18daysinegypt.com - invite the audience to tell the story together
The journalist and film maker Jigar Mehta and the technologist Yasmin Elayat created the crowd sourced documentary
18daysinegypt.com. They created a platform for users to put media fragments about the Egyptian revolution such as a photo on facebook or a youtube video in a context. The user can add information to the piece of media such as the date and location of its creation and create his own story slide-show. Every piece of media is gathered in a timeline and in an interactive map. Jigar Mehta wants to make storytelling an experience for itself. The American film maker called 18daysinegypt.com a “living documentary”, as Egyptians keep connecting media fragments and keep documenting the changes in Egypt, the documentary grows further in real time. 18daysinegypt.com is currently curated by six young Egyptian Journalists. They interact with users, encourage them to share their stories and warn and inform them on privacy issues and possible consequences for them.
The interactive documentary was launched in middle of January 2012 and is still in development. The creators are asking themselves questions concerning the user experience. How is a user - outside of the Egyptian revolution - going to experience the documentary? The user could be overwhelmed easily – how can this be prevented? How can a personalised experience be presented?
18daysinegypt Call action video.
Groupste.am – a new form on collaborative storytelling?
Jigar Mehtas' team is working on groupstre.am - an online framework to tell stories. This platform can be used for film makers, communities or individuals to document events such as revolutions but also small events such as a birthday parties. Jigar Mehta described 18daysinegypt.com as a playground to test the groupstre.am technology. The service is going to be launched later in 2012. This platform could give power to people to document injustice. A member of the audience stated the possibility for people to document corruption in Mexico. How should future audiences be engaged in the film making process? What is your opinion on these new forms of collaborations?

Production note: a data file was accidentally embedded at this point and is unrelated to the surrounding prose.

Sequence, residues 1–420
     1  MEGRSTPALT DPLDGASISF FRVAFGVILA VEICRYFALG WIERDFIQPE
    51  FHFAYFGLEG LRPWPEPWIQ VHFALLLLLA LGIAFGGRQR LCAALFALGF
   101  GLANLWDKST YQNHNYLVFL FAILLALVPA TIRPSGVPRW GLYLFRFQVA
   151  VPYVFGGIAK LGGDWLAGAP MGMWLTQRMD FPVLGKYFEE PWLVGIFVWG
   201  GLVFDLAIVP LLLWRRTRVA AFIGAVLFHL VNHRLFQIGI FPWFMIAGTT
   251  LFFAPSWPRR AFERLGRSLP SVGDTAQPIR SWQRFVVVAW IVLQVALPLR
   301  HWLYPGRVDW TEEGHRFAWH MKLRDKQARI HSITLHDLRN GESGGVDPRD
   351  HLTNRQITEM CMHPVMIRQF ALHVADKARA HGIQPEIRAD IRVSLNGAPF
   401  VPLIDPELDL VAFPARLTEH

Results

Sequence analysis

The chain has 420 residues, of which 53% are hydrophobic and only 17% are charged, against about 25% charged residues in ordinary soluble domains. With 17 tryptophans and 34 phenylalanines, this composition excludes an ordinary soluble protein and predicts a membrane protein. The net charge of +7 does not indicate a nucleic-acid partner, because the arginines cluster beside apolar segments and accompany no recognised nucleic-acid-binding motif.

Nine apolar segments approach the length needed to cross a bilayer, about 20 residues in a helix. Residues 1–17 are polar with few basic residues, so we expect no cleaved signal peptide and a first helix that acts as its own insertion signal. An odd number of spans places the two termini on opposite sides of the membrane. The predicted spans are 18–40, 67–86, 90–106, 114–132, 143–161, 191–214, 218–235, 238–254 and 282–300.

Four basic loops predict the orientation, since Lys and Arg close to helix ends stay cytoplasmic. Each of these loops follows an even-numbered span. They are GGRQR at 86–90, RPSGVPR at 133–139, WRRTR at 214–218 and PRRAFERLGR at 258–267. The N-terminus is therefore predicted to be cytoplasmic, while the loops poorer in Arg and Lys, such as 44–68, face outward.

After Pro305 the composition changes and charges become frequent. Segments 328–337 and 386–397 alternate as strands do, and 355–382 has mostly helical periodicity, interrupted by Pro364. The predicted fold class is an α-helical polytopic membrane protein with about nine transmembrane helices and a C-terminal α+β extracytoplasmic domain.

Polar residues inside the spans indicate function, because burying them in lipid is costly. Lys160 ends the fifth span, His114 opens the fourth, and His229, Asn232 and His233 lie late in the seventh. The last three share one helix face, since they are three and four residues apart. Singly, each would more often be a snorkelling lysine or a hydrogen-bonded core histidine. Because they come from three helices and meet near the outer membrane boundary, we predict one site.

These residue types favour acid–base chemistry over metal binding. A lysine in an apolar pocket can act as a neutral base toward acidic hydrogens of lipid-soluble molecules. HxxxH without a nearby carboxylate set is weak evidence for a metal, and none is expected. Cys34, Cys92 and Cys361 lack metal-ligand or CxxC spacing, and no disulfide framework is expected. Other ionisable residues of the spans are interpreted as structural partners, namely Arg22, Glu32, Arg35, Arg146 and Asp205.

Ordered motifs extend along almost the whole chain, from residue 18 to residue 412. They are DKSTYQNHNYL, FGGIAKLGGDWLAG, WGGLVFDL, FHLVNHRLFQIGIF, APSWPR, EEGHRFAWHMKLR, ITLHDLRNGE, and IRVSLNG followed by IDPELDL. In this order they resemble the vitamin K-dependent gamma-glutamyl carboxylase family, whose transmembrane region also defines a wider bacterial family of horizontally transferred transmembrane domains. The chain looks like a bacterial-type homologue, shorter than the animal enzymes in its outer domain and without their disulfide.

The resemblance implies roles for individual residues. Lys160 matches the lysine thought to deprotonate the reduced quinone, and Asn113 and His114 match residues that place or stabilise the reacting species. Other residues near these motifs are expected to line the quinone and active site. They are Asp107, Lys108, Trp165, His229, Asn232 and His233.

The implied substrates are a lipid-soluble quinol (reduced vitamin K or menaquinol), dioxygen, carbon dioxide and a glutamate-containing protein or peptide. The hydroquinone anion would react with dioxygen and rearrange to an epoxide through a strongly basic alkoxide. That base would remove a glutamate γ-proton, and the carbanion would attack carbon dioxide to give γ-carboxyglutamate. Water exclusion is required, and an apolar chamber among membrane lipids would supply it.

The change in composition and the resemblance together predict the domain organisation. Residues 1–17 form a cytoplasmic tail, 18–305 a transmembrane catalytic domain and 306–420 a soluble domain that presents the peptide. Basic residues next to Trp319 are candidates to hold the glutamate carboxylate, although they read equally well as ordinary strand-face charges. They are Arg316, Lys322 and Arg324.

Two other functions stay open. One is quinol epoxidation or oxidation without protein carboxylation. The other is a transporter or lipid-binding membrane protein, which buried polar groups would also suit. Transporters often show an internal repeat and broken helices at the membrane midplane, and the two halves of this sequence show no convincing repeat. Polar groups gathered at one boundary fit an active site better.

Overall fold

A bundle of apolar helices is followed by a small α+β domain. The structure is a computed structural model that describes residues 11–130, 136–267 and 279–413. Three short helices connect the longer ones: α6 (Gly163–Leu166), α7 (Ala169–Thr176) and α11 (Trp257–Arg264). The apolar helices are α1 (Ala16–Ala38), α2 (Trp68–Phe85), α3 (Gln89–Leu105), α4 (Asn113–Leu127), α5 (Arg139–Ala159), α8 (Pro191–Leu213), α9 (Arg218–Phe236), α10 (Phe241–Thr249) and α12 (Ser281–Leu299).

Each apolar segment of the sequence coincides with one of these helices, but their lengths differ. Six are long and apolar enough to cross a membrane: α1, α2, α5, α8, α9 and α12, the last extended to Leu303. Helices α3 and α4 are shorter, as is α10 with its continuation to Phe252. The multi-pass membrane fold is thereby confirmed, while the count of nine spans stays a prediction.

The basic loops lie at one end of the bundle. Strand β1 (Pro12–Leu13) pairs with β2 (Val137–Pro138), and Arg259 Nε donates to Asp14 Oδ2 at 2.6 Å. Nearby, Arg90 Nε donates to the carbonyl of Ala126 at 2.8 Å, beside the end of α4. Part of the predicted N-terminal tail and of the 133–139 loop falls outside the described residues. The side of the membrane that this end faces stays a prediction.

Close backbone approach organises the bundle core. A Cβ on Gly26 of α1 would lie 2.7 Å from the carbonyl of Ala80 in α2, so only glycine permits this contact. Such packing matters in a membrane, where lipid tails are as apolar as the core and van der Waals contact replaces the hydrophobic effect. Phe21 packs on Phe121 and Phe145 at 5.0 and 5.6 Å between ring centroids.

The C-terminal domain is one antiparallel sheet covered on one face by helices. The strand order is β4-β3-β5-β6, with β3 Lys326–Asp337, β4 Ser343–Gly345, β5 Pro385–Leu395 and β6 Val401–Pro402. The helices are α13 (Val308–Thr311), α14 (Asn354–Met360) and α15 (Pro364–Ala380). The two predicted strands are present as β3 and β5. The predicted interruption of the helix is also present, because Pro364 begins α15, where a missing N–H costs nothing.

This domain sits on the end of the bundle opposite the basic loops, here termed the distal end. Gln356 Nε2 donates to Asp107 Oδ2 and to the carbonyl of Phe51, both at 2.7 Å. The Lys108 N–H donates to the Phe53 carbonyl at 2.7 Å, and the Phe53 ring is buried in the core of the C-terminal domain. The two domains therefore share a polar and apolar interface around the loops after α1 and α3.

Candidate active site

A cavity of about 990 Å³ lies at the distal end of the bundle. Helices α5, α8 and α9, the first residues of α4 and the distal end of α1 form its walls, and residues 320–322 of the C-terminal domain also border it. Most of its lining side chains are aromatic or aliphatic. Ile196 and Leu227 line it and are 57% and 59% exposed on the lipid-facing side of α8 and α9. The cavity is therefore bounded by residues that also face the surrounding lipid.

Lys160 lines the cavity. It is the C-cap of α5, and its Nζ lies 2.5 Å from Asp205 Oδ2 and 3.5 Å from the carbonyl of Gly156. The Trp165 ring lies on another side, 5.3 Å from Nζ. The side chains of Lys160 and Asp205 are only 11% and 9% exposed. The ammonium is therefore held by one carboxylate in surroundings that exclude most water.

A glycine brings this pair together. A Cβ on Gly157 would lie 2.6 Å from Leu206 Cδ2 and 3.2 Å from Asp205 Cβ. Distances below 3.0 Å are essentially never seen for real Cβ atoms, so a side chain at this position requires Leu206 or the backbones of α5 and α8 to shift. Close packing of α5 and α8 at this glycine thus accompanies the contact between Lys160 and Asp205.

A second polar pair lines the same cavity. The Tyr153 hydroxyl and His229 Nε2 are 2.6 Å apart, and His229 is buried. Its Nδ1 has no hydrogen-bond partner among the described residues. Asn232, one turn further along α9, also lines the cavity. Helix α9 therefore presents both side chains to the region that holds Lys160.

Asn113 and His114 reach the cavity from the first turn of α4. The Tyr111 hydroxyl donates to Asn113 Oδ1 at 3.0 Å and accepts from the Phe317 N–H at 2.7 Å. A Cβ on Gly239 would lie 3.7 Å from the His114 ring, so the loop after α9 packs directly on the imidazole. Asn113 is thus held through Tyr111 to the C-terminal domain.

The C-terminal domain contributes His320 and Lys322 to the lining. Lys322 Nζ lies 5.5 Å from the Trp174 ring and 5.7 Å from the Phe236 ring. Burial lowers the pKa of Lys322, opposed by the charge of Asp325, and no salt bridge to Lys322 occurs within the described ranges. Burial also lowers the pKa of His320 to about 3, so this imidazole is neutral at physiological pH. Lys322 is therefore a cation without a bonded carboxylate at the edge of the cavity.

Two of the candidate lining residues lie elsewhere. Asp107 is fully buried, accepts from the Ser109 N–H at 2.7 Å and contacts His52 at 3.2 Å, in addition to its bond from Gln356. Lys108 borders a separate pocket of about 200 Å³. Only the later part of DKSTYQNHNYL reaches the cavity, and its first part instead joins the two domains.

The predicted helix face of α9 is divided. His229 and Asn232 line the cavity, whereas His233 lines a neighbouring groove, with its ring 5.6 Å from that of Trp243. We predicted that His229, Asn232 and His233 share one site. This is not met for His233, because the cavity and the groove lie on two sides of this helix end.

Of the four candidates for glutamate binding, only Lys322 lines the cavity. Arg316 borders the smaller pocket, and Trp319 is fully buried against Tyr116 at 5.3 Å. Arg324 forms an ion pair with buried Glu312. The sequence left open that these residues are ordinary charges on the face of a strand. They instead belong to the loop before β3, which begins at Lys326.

Jigar Mehta video interview
Useful further information and links:
Liz Rosenthal on Social Media in the HEYMR Video interview
video interview with general director of Arte France cinema Michel Reilhac on Social Media
video interview with Caspar Sonnen New Media Coordinator @IDFA & Curator of @DocLab.
Further information on IRON SKY's financial concept
Stream of “The Indie Filmmaker's Guide to Cross Media II: Engaging 21st Century Audiences across Multiple Platforms”
How to Crowd-fund your film – Spanner Film Guide
hypercities.com, a collaborative research and educational platform created by UCLA
groupstre.am technology is used in the crowdsourced documentary 18daysinegypt.com
storify.com, helps its users tell stories by curating social media - launched April 2011
You want to know more on crossmedia? Have a look on our article on Filmmaker's Guide to Cross-Media I: Storytelling in the 21st Century!